LONDON: The news that Britain has approved the coronavirus vaccine developed by Pfizer/BioNTech has raised expectations that other countries could also begin immunizations in the near future and slowly bring the curtain down on a pandemic that disrupted the global social and economic order like no other event in living memory.
Trials have shown that the Pfizer/BionTech shot offers 95 percent protection against SARS-CoV-2, the virus that causes the coronavirus disease (COVID-19), which to date has infected 64 million people worldwide and killed nearly 1.5 million since it first emerged in the Chinese city of Wuhan in late 2019.
The approval by Britain’s medicines regulator, MHRA, means a mass vaccination campaign could begin in the UK as early as next week, with the first 800,000 doses distributed to the elderly and most vulnerable as a priority. The government has already ordered some 40 million doses — enough to vaccinate 20 million people.
Recipients will be given two injections, spaced 21 days apart, with immunity developing after the first dose. Its full effect kicks in around a week after the second booster. Scientists say the side effects are mild and tend to last no more than a day or two. Pfizer/BioNTech has priced the vaccine at around $19.50 per dose, or $39 per patient.
“With 450 people dying of COVID-19 infection every day in the UK, the benefits of rapid vaccine approval outweigh the potential risks,” Andrew Hill, senior visiting research fellow in the Department of Pharmacology at the University of Liverpool, told Reuters news agency.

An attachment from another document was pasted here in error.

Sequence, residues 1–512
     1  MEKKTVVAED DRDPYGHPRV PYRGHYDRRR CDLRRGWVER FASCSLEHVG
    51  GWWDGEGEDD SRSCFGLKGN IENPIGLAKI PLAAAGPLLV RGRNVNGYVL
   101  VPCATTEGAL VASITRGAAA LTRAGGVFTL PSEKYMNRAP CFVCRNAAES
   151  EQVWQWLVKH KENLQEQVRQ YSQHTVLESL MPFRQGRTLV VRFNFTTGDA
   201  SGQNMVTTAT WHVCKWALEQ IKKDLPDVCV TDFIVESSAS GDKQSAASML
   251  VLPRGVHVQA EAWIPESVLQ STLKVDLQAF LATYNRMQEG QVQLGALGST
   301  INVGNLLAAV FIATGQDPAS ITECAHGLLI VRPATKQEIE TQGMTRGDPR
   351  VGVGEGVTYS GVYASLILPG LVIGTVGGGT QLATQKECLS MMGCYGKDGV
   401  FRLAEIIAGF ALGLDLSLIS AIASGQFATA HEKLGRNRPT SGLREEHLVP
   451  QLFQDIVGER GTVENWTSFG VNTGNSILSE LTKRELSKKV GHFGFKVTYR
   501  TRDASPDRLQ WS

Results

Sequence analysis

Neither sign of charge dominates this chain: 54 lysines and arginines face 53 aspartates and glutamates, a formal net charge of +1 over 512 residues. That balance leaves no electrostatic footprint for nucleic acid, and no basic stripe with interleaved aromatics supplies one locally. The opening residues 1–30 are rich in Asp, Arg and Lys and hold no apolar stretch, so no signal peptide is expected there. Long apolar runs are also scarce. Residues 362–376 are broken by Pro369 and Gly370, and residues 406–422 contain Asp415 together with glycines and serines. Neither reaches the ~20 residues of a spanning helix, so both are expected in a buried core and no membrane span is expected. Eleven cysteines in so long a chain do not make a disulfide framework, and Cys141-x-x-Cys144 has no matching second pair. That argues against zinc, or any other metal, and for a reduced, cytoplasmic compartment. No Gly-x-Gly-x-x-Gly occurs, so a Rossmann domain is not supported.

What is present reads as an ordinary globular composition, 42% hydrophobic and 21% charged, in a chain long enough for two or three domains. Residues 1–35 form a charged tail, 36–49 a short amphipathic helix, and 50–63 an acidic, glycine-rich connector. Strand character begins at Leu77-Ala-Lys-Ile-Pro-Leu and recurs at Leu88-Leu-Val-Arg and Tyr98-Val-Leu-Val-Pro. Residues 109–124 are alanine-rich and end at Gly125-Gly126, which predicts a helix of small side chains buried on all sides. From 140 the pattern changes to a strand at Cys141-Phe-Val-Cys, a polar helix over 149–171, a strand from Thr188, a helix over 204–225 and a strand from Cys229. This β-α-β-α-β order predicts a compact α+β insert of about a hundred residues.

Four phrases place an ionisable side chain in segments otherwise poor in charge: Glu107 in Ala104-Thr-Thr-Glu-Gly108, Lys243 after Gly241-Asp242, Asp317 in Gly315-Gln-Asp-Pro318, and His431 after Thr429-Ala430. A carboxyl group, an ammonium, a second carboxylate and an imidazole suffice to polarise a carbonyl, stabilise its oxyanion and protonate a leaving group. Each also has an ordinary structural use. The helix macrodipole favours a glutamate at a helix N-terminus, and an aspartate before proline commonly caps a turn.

The messenger RNA (mRNA) vaccine itself is truly revolutionary, taking a small fragment of genetic code from COVID-19 to train the body’s immune response to recognize the virus. Until Wednesday, nothing like it had been approved for use in humans.
This announcement came as a huge relief to publics, businesses and governments worldwide after months of lockdown measures, crippling pressure on health services and grinding economic turmoil. It is also expected to calm anxiety and stress as families and individuals forced to remain indoors and separated from loved ones see the first glimmer of light at the end of the tunnel.
“It’s the protection of vaccines that will ultimately allow us to reclaim our lives and get the economy moving again,” Boris Johnson, the UK prime minister, said in his remarks lauding the approval.
Pfizer/BioNTech announced the success of its phase three advanced trials in early November — a remarkable feat given it only began work 10 months ago. Vaccine development can take up to a decade under normal circumstances.
Since then, US pharmaceutical giant Moderna and the UK’s Oxford University/AstraZeneca team have unveiled their own workable vaccines — a reassuring sign that the virus can be fought on multiple fronts.
Although the Pfizer/BioNTech vaccine is highly effective, it is also expensive, must be stored in special boxes packed in dry ice at -70 C, and can only be kept in a fridge for five days once delivered. For developing countries, the high cost and logistical challenges could prove prohibitive. If more vaccine approvals follow in the coming days and weeks, governments will likely shop around for the best deal.
The Moderna vaccine, which uses the same mRNA model employed by Pfizer/BioNTech, had an equally impressive efficacy rate (95 percent) in phase three trials. Better yet, it is stable at normal refrigerator temperatures of 2-8 C for up to 30 days, and can be stored for months at -20 C.
The Oxford team has found a lower-cost alternative with an average of 70 percent effectiveness but which can be stored at fridge temperature. The vaccine, which adapts a chimpanzee virus that is harmless to humans to train the immune system, may prove a far more practical option for developing countries.